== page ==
To relieve these challenges, UnidosUS is asking that the federal government set aside $2 billion in funding for Title III, the part of the federal government’s overarching Every Student Succeeds Act used to help ELs attain English proficiency and meet state standards. The UnidosUS policy team would also like to see an additional $1 billion provided to these students through subsequent COVID-19 relief packages.

And while the obstacles are many, Chamorro commended educators in all public schools for rising to the challenge of teaching and developing new ways of doing so during the pandemic.

“We see you, and part of our work at the federal level is also about supporting our network,” she said. “This is going to be a long recovery phase, and we want to make sure that we’re not only mitigating but getting our students back on track.”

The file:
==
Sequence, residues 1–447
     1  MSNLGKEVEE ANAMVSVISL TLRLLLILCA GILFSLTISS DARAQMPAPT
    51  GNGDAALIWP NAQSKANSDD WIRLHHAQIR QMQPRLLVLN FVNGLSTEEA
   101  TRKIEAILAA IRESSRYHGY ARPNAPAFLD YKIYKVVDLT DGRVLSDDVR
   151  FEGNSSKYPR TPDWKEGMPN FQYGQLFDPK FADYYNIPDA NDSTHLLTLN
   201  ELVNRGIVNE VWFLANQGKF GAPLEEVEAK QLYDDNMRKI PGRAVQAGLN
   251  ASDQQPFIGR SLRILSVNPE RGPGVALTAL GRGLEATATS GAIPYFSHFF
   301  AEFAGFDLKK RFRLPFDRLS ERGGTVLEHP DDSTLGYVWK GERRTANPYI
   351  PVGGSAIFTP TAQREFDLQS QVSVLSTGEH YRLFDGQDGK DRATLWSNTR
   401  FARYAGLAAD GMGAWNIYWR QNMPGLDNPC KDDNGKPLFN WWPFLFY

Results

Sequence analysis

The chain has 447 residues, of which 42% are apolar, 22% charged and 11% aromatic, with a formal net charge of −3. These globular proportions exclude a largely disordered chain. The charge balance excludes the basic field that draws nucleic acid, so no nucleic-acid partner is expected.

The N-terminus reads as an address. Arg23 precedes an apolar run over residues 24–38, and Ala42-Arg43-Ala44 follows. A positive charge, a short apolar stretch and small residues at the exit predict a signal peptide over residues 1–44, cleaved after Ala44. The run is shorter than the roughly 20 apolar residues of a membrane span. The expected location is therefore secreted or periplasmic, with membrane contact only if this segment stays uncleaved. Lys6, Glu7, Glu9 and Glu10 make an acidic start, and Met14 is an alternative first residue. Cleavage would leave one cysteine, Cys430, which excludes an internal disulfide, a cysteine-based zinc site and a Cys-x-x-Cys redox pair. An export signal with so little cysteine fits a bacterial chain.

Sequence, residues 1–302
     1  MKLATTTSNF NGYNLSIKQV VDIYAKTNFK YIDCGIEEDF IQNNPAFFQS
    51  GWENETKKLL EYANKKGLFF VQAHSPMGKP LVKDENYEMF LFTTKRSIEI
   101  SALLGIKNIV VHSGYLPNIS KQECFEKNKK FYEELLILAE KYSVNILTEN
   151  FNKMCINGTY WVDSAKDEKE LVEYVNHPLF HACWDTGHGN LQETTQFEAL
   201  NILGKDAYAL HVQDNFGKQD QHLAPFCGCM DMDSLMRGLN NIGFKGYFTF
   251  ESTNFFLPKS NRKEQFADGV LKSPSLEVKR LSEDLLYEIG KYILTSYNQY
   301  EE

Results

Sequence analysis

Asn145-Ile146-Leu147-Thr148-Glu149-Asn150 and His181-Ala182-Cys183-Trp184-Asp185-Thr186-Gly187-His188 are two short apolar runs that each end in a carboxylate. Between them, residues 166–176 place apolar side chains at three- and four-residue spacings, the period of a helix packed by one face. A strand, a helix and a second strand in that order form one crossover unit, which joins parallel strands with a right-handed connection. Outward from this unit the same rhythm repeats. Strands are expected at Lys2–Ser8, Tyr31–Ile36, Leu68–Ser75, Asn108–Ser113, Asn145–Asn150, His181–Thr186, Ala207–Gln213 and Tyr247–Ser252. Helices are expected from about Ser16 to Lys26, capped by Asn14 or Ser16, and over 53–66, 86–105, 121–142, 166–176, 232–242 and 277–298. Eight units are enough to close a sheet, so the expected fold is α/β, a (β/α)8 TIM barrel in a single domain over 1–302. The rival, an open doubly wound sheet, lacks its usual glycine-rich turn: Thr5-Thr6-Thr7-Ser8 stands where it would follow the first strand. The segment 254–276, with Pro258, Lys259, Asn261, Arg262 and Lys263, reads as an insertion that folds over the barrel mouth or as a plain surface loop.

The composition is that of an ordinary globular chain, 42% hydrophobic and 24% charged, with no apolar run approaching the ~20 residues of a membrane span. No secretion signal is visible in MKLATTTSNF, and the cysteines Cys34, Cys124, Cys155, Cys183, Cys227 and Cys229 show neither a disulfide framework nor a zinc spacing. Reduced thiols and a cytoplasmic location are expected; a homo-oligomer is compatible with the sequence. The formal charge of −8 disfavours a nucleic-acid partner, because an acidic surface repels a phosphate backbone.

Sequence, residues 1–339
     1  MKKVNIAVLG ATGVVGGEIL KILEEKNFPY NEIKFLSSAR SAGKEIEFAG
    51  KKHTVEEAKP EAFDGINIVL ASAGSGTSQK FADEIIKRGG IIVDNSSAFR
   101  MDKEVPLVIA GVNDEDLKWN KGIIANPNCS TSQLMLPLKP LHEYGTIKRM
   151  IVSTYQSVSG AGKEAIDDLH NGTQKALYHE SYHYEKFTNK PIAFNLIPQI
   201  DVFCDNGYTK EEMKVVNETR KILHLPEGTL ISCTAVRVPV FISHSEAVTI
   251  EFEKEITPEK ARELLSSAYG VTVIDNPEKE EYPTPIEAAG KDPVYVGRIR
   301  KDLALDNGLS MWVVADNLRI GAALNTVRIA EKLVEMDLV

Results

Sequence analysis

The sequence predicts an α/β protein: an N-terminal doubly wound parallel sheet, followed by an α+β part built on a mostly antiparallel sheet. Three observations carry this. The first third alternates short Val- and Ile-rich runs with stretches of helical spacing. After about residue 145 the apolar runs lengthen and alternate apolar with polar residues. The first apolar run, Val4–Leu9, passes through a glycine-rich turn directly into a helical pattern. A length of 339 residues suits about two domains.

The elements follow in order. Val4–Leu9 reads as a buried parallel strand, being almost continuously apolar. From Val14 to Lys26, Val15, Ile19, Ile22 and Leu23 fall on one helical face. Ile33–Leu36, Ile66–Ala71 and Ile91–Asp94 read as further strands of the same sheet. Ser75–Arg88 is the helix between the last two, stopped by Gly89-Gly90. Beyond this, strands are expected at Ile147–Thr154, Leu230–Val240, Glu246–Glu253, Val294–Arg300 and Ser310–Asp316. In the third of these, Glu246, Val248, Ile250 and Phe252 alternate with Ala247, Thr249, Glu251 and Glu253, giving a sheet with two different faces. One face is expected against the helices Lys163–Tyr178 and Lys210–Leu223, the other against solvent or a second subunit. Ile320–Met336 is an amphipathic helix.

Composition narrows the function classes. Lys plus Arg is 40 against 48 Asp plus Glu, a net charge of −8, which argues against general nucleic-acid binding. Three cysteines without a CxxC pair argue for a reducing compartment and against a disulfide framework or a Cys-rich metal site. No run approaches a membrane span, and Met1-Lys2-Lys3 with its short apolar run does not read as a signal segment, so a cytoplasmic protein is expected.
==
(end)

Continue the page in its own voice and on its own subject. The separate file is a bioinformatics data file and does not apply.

Another area of concern at the K-12 level is the disproportionate discipline and policing of children of color, ELs, and children with disabilities. For example, Valencia noted that Black and Latino boys represent just 3% of the student population but comprise 12% of all arrests, and Black girls are four times more likely to be arrested in schools than White girls.

“This is incredibly important to the Latino community,” said Valencia. “What the data shows us and what we continue to hear is that a lot of Black boys and girls are impacted at larger and harsher degrees of school discipline. And what we know as well is that one in four Latinos in the United States have self-identified as Afro-Latino.”

Meanwhile, children with disabilities are also disciplined more harshly, and ELs are often misidentified as having disabilities because their English speaking and comprehension skills are limited.